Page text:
"I am the man that sees my poverty..." - Lamentations 3:1
My prayer has become more and more like those sick we read about in the Gospel. Those who prayed for years to be healed. I think especially of those who lay by the Sheep Pool in Jerusalem: 'sick people lying there blind, lame or disabled waiting for the movement of the water.' One man had been sick for thirty-eight years, when Christ came along. Jesus asked him if he wanted to be healed and the man said he had no one to help him down to the waters after they had been stirred up. I imagine that he tried many times to get there, at times he may have found the strength to do so on his own, but in the end he always fell back on account of his weakness.
It occurred to me at adoration. I try to get down to the waters as soon as the angel stirs them up, but people get in front of me, and I fall back, sometimes I hope someone will help me, but there seems to be no one. Sometimes I want to see clearly, but I see only in shadows. Other times I feel like I am on the fringes - like the lepers in their exile outside the gate of the city. Only when I am brought to nothing can I understand that no one can help me but Jesus. Sometimes I'm discouraged, by circumstances, by my weakness. Sometimes I too can be scared off by his disciples, who tell me in so may ways not to bother, God doesn't hear the prayers of sinners, and so on.
I'm not sure why I am posting this, aside from the fact the Gospel stories give me hope, the courage to persevere, despite falling at every step.
I knew someone who went to Medjugorje, years ago. He said as he walked into the church he heard an interior voice telling him, "You will be healed, but it will take time." I told him I didn't know if the apparitions were authentic, but the interior locution sounded about right - to me at least. Sometimes God seems to test our faith and doesn't heal us all at once. Sometimes he allows us to struggle and fall, that we might be more humble after we repent, or because we suffer from our own shortcomings, we may learn to be merciful to others. Sometimes it seems Jesus ignores us, tells us it is not right to give the good food to dogs - because we desperately need to know our misery. St. Paul says it takes patience to do God's will. Jesus tells us it is by patient endurance that we will save our souls.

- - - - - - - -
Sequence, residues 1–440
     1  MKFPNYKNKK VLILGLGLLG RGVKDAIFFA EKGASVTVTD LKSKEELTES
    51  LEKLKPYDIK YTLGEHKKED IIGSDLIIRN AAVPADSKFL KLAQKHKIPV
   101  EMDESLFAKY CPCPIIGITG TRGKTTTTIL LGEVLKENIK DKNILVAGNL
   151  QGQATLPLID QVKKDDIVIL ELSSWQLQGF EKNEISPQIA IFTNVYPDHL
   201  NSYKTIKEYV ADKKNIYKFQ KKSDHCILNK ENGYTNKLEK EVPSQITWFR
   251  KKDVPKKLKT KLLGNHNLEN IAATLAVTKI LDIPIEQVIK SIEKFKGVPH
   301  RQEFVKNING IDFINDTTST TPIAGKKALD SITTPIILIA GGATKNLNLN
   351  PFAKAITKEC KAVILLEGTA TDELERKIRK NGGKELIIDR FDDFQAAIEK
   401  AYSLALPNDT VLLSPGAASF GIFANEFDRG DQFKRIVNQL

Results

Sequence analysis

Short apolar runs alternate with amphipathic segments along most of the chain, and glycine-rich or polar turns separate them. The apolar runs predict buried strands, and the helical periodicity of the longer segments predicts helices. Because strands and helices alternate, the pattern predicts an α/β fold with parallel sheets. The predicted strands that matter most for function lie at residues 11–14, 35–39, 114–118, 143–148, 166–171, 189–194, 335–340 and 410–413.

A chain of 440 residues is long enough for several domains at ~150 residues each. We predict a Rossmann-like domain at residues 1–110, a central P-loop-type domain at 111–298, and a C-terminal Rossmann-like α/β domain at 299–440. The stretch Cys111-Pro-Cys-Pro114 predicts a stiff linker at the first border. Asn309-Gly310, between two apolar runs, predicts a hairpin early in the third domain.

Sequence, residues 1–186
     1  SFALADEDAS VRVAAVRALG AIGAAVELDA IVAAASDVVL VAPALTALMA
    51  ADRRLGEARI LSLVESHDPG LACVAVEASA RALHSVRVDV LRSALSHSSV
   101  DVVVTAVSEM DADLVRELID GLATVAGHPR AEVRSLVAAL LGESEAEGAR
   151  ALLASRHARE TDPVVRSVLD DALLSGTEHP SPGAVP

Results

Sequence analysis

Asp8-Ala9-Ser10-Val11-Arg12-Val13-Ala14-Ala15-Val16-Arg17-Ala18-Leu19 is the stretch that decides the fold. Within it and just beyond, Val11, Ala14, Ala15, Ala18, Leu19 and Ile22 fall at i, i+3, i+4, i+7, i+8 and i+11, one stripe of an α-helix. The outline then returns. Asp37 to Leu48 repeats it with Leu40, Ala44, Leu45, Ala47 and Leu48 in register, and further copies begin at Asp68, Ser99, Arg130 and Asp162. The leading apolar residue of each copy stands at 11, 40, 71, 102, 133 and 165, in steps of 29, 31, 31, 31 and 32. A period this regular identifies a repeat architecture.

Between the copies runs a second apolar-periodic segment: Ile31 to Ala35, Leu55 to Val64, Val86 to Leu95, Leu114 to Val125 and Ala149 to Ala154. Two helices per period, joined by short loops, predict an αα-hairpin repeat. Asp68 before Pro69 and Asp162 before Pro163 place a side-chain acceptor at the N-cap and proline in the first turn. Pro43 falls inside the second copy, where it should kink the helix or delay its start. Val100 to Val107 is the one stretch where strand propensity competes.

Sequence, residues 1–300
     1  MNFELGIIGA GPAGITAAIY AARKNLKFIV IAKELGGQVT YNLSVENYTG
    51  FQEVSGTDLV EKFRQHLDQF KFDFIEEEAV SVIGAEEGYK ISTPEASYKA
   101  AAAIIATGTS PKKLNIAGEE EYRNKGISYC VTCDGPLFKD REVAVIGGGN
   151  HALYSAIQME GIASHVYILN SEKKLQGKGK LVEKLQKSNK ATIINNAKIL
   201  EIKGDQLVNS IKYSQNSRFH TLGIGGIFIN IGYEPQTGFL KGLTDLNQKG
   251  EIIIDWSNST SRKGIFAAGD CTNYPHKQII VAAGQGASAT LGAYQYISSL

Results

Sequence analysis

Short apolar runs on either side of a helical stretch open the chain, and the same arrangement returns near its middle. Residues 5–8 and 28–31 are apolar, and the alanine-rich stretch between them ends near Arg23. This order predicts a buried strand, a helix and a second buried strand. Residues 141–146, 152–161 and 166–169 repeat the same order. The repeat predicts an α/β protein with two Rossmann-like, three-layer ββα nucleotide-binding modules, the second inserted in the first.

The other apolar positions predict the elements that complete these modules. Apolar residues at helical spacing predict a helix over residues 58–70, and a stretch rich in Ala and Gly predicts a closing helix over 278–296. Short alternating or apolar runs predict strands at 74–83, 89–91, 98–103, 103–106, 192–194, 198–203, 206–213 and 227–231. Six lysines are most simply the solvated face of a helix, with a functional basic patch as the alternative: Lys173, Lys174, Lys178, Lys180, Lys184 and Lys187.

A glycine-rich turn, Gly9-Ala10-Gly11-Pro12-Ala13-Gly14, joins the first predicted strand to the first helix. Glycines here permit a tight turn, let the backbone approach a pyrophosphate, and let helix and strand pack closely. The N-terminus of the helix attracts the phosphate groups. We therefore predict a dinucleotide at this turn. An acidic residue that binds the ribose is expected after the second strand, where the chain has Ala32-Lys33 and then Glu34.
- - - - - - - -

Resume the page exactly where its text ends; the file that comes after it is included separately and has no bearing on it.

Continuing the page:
Sometimes we aren't healed - at least completely - until the very end. I knew a nun like that. She had so much joy on her death bed because, as she said, "I've been healed. I no longer care what others think of me." She suffered from depression for years. Healing takes time - God's time. It only seems to us that Jesus doesn't come along right away. Sometimes he helps us up, but we fall back. Sometimes he will heal us of something, but leaves the wounds to remind us and keep us humble. We keep praying and trying, hoping amidst great suffering - very often suffering no one else is aware of except Jesus and Our Lady.
"One should seek assurance not in understanding but in faith." - John of the Cross
I'm not sure why I posted this...
I think it's because I need to put things in perspective. I need to examine why I write, why I'm online. Why do I think I have something to say?
Quite awhile ago an anonymous commenter wrote: "Man, you have a lot of people fooled." I always think of that. Whoever wrote it was right. It could have been anyone who wrote it. A friend, a former friend, a former co-worker, a family member. Anyone who knows me, my inconsistency, my hypocrisy. Comments like that have helped me and continue to help me.
Why do I write? Why do I criticize others? Why do I point out the speck in other's eyes when I have that log in my own?
I can't give advice. I can't correct errors. I can't call other people out. I can't even believe if I'm spending all my time looking for approval from others.
I've had a lot of people fooled.
"For he who will punish the idle word shall not pardon vain joy." - John of the Cross
Please pray for me from time to time. Thanks.